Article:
Reading “Delivering Virtue” can probably best be described as an “experience”. What begins as a genuinely amusing and light-hearted read starts to change tone as it progresses, into something potentially much darker and more macabre. The real star of this book is Brian Kindall himself. He is, quite simply, a tremendous writer – and a fantastic wordsmith – with prose which flows like poetry; the language he uses throughout feels authentically frontier, is genuinely quite stunning, and his words are a delight to read. His imagination, however, sometimes not so.
It is, in some ways, a road tale, simple in premise, about a chancing courier in frontier-era America, who is hired to transport a baby, destined for marriage, to her Mormon suitor. Of course, this in itself should tap a few warning bells, but I was far from expecting the turn the book took. As Didier Rain and his unusual caravan of Virtue, a couple of horses and a goat, find themselves in ever-more bizarre and distasteful situations, I did start to genuinely fear where this book was going to lead me.
Despite the simple storyline, Kindall does more than enough to infuse a real air of mystery, as the strange events increasingly hint at miracles of a mystical nature. You find yourself equally engaged by the enigma that is Virtue, as by the continually emerging dark side of Rain’s nature. He is an arguably despicable character – a self-interested anti-hero - with a disturbing backstory which emerges to reveal more about his deviant behaviour; throughout, there is an undertone to “Delivering Virtue”, which could become either benign or malign – I found myself opining the latter. The situations they find themselves in are perhaps equally dark – so much so that the book actually becomes quite unpleasant to read a times. The clever, highbrow humour – which sets its own pace, allowing you a moment to catch it up – starts to dissipate, as you gradually turn against Rain.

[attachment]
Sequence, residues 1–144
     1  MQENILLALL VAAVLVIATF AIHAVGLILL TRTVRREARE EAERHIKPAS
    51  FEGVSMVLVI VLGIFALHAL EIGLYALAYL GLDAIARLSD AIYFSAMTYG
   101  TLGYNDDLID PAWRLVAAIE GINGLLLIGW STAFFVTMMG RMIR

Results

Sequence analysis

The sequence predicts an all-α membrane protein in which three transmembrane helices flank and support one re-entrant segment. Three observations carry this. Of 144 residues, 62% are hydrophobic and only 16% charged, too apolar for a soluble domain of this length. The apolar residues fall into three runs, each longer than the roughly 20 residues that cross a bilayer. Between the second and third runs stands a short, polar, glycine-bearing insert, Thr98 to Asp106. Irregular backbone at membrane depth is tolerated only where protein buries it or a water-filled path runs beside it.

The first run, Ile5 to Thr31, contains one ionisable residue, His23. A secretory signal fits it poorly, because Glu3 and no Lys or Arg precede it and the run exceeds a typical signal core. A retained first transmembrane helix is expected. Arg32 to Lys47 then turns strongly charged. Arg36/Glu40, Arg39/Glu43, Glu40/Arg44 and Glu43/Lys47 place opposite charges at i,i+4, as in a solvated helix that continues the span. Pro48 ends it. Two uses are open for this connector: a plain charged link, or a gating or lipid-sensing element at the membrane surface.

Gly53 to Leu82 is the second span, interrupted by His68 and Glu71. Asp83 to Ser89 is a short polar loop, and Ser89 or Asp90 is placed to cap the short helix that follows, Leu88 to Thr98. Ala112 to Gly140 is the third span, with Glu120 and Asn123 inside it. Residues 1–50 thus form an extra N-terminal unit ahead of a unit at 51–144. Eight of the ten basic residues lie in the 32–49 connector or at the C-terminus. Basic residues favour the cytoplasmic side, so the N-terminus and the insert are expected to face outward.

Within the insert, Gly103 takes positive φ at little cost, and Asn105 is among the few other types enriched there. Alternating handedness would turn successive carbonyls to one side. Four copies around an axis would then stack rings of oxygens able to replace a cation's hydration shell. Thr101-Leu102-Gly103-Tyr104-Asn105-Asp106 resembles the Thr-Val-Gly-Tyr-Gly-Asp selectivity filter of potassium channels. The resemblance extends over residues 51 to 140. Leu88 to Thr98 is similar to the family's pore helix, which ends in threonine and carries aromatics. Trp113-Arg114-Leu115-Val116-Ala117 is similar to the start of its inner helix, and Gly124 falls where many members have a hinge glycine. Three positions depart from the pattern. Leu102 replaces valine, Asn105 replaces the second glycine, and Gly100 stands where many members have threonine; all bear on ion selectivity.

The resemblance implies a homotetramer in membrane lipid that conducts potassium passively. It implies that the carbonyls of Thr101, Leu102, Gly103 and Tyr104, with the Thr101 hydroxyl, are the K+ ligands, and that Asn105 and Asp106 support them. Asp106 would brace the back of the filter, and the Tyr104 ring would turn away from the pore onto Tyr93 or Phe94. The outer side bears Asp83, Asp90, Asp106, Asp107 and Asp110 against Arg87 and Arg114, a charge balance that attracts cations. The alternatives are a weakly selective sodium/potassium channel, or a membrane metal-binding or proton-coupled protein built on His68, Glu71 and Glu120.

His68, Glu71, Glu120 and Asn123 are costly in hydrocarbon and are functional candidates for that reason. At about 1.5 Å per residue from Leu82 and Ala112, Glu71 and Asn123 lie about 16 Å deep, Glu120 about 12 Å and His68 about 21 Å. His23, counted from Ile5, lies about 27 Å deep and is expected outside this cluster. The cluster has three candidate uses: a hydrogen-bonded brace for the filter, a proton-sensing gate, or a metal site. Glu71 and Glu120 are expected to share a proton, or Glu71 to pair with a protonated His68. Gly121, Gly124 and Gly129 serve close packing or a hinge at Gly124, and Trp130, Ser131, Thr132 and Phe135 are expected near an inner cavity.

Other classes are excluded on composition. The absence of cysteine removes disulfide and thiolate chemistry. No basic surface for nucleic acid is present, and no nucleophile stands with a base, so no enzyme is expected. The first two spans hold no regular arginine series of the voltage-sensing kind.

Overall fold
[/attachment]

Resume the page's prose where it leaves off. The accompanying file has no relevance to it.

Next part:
Virtue’s confusingly and bizarrely rapid ageing is a huge hint at the degree of metaphor in this book, which you start to suspect from very early on. When the reveal of Virtue’s truth finally does come, it is in some ways too brief, but in a way does satisfyingly trim away the confusion – however, I did feel it could be quite easy to miss, if not reading on the author’s wavelength. This book’s genre is perhaps the biggest mystery of all, though I am not by any means saying that is a bad thing.
None of this subjective perception by the reader can take away from the brilliance of Brian Kindall’s pen – he is simply excellent, never once slipping from his first-person character, and the book is written and crafted to perfection. Had “Delivering Virtue” been written by another author, I’m not sure it would have worked at all, but Kindall’s quality alone was more than enough to make it very entertaining, and I flew through it in a day – just be prepared for what kind of book is ahead (I rarely read the blurb before picking up an ARC – perhaps, in this case, I should have). The tale itself may have left me a little non-plussed (and I won’t mention the goat), but the quality of this writer is undeniable.
In : Book Reviews
Tags: series brian-kindall western comedy surreal bizarre frontier fiction american-history